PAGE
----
Similarly, 30-year old, Diwakar Prasad Singh was rated Elo 2191 in January 2000, and from thereon averaged Elo 2300 until July 2005. However he garnered 260 points in a span of one year with some unbelievable performances. The success also brought the bonus of finishing joint first in the 43rd National 'A' Chess Championship and thereby getting an opportunity to represent the country at the Torino Olympiad 2006.
D.P.Singh's rating progress in the last six years
Both the players were hailed as supreme talents, but doubts started creeping in after their games were analyzed, which turned into suspicion as one of the IMs found that it matched the best choice of one particular chess engine! This triggered a chain reaction, and established players, who had lost their games to these two players, now decided to lose their midnight sleep to find out the 'Secrets of Chess Engines'!
The joint winners of the 43rd National Indian Championship: C. Sandipan,
DP Singh and S. Ganguly, who came first on tiebreak
While all the games of Umakant were not available, the 20 games of Diwakar played at the 43rd National 'A' Chess Championship held in Arpil 2006 at Visakhapatnam were scrutinized to the utmost. GM Dibyendu Barua, the President of the Chess Players Association of India (CPAI) formally submitted his complaint to AICF and the matter is now under investigation. The following three games are the ones of chief interest:
Singh,D (2395) - Sriram,J (2444) [C99]
43rd ch-IND Visakhapatnam IND (8), 08.04.2006
1.e4 e5 2.Nf3 Nc6 3.Bb5 a6 4.Ba4 Nf6 5.0–0 Be7 6.Re1 b5 7.Bb3 d6 8.c3 0–0 9.h3 Na5 10.Bc2 c5 11.d4 Qc7 12.Nbd2 cxd4 13.cxd4 Nc6 14.Nb3 a5 15.Be3 a4 16.Nbd2 Bd7 17.Nf1 Rac8 18.Rc1 Qb8 19.Ng3 Rfe8 20.b3 axb3 21.Bxb3 Na5 22.Rxc8 Rxc8 23.Bg5 Nxb3 24.axb3 Be6 25.Qa1 h6 26.Bd2 Bxb3 27.Qa3 Be6 28.d5 Bd7 29.Nxe5 dxe5 30.Qxe7 Re8 31.Qa3 Rc8 32.Re3 Rc4 33.Bc3 Rc8 34.Qa1 Re8 35.Bb4 Qb6 36.Ra3 Bc8 37.Qc3 Bd7 38.Bc5 Qb8 39.Ra7 Rc8 40.Qa3 Kh7 41.Bd6 Qb6 42.Bxe5 b4 43.Qa1 Rc1+ 44.Qxc1 Qxa7 45.Qb2 Qa3 46.Bxf6 gxf6 47.Qxf6 Be8 48.Kh2 b3 49.d6 Qc1 50.f4 b2 51.Nh5 1–0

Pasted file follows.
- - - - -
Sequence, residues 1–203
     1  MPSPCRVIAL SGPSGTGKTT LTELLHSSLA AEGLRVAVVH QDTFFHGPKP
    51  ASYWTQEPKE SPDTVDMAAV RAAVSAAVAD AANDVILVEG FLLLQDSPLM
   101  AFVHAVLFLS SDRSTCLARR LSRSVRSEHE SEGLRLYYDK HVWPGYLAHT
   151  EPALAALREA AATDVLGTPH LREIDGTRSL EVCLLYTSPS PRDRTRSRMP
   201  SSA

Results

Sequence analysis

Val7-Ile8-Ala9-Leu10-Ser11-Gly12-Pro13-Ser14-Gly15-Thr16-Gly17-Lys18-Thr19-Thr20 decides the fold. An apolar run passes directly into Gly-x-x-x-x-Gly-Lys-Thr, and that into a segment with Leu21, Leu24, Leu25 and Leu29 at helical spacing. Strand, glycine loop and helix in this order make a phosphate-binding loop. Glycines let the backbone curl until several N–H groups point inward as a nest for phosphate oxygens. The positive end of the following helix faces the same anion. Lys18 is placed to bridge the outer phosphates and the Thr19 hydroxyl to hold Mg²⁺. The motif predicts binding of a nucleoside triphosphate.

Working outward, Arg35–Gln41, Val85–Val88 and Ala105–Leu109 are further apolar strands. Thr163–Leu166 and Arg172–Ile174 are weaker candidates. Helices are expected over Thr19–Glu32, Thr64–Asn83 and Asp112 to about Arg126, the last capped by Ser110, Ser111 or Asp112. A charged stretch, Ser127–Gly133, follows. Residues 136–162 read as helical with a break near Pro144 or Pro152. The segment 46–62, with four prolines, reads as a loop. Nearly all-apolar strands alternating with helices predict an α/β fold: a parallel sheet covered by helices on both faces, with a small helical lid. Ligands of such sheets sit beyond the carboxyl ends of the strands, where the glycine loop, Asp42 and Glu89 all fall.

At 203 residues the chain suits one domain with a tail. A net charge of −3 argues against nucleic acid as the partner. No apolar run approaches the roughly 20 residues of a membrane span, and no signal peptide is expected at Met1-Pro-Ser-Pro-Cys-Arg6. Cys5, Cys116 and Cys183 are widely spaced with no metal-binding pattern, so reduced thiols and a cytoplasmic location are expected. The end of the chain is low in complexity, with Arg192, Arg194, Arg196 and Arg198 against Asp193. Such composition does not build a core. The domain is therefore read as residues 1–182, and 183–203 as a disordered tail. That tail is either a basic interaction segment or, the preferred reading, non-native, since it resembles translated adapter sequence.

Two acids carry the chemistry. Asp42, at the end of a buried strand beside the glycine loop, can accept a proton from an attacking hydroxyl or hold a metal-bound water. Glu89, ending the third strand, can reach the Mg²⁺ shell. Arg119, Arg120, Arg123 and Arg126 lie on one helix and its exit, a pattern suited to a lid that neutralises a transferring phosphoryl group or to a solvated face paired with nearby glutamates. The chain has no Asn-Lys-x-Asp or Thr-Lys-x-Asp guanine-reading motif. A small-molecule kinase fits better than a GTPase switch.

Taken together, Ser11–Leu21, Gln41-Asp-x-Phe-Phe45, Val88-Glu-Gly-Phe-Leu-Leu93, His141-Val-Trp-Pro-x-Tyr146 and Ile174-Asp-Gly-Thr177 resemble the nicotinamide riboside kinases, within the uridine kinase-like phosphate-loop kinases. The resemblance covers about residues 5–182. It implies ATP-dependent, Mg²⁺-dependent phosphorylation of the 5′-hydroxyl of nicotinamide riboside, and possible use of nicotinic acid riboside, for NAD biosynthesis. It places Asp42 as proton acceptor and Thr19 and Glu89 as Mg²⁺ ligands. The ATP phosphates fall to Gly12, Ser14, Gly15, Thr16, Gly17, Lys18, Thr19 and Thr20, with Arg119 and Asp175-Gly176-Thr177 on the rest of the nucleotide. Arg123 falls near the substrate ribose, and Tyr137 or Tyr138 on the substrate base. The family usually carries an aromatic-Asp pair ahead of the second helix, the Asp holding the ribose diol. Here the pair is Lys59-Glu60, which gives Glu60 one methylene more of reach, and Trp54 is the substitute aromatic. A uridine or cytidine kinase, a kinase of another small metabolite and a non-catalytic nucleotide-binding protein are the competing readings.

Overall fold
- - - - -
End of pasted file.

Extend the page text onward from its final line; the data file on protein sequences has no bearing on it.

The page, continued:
Singh,D (2395) - Koneru,H (2537) [E52]
43rd ch-IND Visakhapatnam IND (14), 12.04.2006
1.d4 Nf6 2.c4 e6 3.Nc3 Bb4 4.e3 0–0 5.Bd3 d5 6.Nf3 b6 7.cxd5 exd5 8.Ne5 Bb7 9.0–0 Nbd7 10.f4 c5 11.Qf3 Bxc3 12.bxc3 Ne4 13.Bxe4 dxe4 14.Qg4 Nf6 15.Qg3 Nd5 16.c4 Ne7 17.dxc5 f6 18.Ng4 Nf5 19.Qh3 bxc5 20.Nf2 Bc8 21.Qh5 Qe8 22.Qxe8 Rxe8 23.g4 Nh6 24.h3 f5 25.g5 Nf7 26.Ba3 Be6 27.Bxc5 Rec8 28.Bd4 Rxc4 29.a4 Nd8 30.Rfc1 Nc6 31.Rxc4 Bxc4 32.Bc3 Rb8 33.Rc1 Bd5 34.Nh1 Rb3 35.Ng3 g6 36.Ne2 Kf7 37.Nd4 Rb7 38.Kf2 a6 39.a5 Nb8 40.Ba1 Nd7 41.h4 Ke7 42.Rc8 Kd6 43.h5 Rc7 44.Rh8 Nc5 45.Nxf5+ Kc6 46.Ng7 Nd3+ 47.Kg3 gxh5 48.Rxh7 Kb5 49.Rxh5 Rc1 50.Bd4 Rf1 51.g6 Kc4 52.Rxd5 Kxd5 53.Nf5 Ke6 54.Nh6 Rf3+ 55.Kh4 Nf2 56.f5+ Ke7 57.f6+ Ke6 58.g7 Rh3+ 59.Kg5 Rg3+ 60.Kh5 1–0
Ramesh,R (2491) - Singh,D (2395) [C90]